• The accounts that will be required to deliver the program (e.g., accounts to fund loan loss reserves, subordinate capital investments, individual loans)
  • The process for funding these accounts
  • The policies and procedures for managing these accounts
  • The criteria for releasing funds.

Your lending partner(s) can help you document the capital flows for your program.

Below is an example of a capital flows schematic used by many Better Buildings Neighborhood Program partners. Generally, these programs used public money for credit enhancements or revolving loan funds. This example schematic illustrates the flow of funds between a capital provider, the program administrator, lenders, secondary market investors, and borrowers where a loan loss reserve (LLR) or revolving loan fund (RLF) is used.

Example Capital Flow Schematic

Example capital flow schematic

Source: U.S. Department of Energy, 2014.

One potential stakeholder involved in the flow of capital not shown in the above schematic is contractors. Working with contractors and lenders, your program can provide what is often called a “dealer loan,” under which a contractor offers financing on behalf of the lender, eliminating the need for the borrower to engage with an additional party (the lender). Because most programs involve several partner organizations, a customized flowchart will help you track, monitor, and move funds. Your program’s capital flow schematic should illustrate the flow of funds between all relevant stakeholders (e.g., the public sector, private capital providers, your lending partners, contractors, secondary market investors, borrowers).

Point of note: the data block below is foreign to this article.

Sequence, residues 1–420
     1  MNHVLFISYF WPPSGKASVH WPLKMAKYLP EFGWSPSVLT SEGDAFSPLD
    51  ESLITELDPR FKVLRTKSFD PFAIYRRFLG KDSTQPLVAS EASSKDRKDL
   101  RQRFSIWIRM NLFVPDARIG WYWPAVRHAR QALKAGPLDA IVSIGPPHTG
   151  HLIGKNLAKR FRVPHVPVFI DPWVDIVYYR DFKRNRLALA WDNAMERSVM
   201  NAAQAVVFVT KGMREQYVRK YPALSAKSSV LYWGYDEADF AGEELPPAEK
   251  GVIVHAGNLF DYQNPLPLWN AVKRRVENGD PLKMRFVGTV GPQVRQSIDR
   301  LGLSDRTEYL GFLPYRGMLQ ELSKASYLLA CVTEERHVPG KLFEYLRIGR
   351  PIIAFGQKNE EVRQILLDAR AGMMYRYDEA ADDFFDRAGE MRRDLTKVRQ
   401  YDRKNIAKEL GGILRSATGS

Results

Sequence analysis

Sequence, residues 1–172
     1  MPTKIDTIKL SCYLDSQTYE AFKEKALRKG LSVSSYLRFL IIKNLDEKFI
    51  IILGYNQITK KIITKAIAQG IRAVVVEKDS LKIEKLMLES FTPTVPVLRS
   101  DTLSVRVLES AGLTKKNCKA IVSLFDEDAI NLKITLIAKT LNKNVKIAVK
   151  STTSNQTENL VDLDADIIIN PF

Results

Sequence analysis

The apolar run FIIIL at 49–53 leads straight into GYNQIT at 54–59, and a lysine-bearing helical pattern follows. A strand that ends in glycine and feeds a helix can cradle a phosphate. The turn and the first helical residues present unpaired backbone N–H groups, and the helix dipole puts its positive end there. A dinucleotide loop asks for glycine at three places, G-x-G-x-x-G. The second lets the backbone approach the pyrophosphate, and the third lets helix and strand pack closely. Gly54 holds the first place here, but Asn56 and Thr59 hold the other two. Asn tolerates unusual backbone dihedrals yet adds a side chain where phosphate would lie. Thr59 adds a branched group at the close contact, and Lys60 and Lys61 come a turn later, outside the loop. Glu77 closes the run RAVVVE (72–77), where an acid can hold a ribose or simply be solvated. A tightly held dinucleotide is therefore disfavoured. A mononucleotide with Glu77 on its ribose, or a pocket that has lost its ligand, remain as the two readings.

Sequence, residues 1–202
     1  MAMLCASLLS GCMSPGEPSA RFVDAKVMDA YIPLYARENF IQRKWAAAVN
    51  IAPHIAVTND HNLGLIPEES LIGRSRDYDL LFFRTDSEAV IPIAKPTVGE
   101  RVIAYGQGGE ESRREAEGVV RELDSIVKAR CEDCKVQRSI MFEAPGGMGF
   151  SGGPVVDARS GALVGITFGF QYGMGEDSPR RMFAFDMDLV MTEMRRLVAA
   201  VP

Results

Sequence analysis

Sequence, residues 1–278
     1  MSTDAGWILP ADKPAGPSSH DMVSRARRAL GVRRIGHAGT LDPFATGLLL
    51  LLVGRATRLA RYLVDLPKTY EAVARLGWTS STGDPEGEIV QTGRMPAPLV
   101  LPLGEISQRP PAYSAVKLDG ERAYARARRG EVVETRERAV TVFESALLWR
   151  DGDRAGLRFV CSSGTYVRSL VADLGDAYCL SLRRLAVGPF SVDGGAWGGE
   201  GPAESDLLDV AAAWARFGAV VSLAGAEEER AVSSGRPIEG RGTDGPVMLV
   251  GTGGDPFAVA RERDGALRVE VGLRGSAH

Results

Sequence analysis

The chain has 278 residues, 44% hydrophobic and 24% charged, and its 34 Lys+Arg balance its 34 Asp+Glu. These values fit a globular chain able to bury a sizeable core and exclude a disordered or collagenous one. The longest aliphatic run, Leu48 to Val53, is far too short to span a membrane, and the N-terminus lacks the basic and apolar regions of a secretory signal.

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Establish internal staffing requirements and roles/responsibilities

Another key step of implementing your financing activities is ensuring that you have the correct internal staff to help manage your activities, and that they have clearly defined roles and responsibilities. The lending agreements you make with lenders will outline the activities and responsibilities expected of these institutions, but internal staff (which might include a hired consultant) that understand and can manage your program’s financing activities will greatly contribute to your program’s success.

The preliminary process and market evaluation of the DOE’s Better Buildings Neighborhood Program concluded that having grantee staff experienced with financial products is an asset.

The key determinant in deciding the level of staff financing expertise required to implement your program is whether you will simply sponsor the financing activities of others, manage capital to fund loans and/or credit enhancements, or directly perform the origination and servicing functions. Better Buildings Neighborhood Program partners relied on a mix of staff and consultants to provide financial expertise.

Examples of programs that relied on program staff for financing expertise:

Examples of programs that rely primarily on consultants for financing expertise:

  • Michigan Saves oversees a network of lenders and manages a credit enhancement fund. They have operated the program with assistance from staff that serve as consultants to the State of Michigan during the design process and by training employees in the management of the credit enhancements during operations.